Now a National Historic Landmark, the USS Intrepid was one of the most successful and stalwart ships in United States history.
Commissioned in 1943 to serve in the Pacific during World War II, the Intrepid survived five kamikaze attacks and a torpedo strike.
Its many reincarnations included being an attack carrier and antisubmarine carrier in the ’50s before it was recommissioned during the Cold War to conduct submarine surveillance in the North Atlantic. It also served three tours of duty in the Vietnam War.
The Intrepid even served as a NASA recovery vessel in the 1960s during the Mercury and Gemini missions, and retrieved astronauts Scott Carpenter, Gus Grissom and John Young after their orbits and splashdowns in the Pacific.
Decommissioned in 1974, the Intrepid is now the centerpiece of the Intrepid Sea, Air & Space Museum on the Hudson River in New York City.
Aug. 16 is the 75th anniversary of the ship's commissioning. To mark the occasion, the museum is holding a "homecoming weekend" celebration Thursday through Sunday, Aug. 16-19.
Organizers put out a coast-to-coast “all call” for former Intrepid crew members to be reunited at a 75th Commissioning Anniversary Celebration.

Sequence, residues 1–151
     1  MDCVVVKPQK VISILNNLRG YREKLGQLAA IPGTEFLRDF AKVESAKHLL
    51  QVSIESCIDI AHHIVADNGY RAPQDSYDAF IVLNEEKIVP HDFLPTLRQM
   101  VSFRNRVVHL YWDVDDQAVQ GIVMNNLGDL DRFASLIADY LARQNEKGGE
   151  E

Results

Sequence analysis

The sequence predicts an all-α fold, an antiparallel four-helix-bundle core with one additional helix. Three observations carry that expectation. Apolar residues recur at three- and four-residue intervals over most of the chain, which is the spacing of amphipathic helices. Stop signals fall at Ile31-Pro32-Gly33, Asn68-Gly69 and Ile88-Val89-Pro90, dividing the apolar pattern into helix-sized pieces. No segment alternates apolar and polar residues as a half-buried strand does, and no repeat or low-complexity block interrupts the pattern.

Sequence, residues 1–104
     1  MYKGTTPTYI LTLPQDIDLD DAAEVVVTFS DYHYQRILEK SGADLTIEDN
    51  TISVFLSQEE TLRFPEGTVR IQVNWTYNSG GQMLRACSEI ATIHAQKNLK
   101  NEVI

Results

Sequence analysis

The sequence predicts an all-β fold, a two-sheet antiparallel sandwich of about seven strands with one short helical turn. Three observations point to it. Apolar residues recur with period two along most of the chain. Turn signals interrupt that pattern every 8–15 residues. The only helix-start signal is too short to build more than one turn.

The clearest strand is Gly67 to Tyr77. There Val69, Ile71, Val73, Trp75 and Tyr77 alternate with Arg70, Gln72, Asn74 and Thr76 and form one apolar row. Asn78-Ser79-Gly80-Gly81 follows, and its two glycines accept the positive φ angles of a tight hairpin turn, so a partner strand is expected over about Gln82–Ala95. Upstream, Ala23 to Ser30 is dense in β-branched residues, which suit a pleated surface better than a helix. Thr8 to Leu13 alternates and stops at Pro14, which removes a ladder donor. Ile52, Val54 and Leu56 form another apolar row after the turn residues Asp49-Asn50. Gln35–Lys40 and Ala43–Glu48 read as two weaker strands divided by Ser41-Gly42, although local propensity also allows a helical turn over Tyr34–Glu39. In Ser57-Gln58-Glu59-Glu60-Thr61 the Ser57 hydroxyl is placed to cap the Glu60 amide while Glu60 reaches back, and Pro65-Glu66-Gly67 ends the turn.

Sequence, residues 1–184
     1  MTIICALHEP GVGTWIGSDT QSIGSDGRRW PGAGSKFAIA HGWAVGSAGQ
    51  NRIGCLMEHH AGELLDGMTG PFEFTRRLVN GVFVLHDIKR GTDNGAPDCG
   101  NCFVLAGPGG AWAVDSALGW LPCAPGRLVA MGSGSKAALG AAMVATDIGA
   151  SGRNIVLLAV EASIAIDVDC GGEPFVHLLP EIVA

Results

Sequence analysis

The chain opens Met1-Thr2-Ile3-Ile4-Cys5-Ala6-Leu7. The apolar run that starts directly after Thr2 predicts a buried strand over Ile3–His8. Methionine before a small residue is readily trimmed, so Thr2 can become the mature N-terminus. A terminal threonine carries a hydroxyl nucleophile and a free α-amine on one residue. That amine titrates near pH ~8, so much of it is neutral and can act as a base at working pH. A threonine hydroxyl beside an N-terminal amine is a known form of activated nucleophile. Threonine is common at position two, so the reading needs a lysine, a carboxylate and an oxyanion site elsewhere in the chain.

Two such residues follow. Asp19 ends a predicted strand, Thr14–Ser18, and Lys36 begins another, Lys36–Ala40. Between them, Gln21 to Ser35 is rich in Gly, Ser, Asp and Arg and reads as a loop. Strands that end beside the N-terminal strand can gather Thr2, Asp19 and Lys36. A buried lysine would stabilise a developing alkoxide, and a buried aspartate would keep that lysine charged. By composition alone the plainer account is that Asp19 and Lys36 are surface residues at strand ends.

The museum is also looking for donations of personal artifacts and memorabilia from former crew members and their families.
The museum, which welcomes about 1 million visitors each year, tells the stories of the Intrepid, as well as the Space Shuttle Enterprise, the guided-missile submarine Growler, and the British Airways Concorde, which broke the record for the fastest Atlantic Ocean Crossing in 1996.
The homecoming weekend will feature an anniversary ceremony honoring former Intrepid crew members, who will share stories of their tours of duty.
Throughout the weekend, the museum will offer guided tours of the ship and behind-the-scenes, curator-led tours of the museum’s collection storage facility, according to a press release. A dinner for former crew members will include U.S. Secretary of the Navy Richard V. Spencer.
More than 280 former crew members so far have confirmed their attendance, organizers said. For some, it will be the first time they have been aboard the ship since the completion of their service.
Open to the public, the celebration will include programs tailed to the crew members and opportunities for members of the public to interact with them.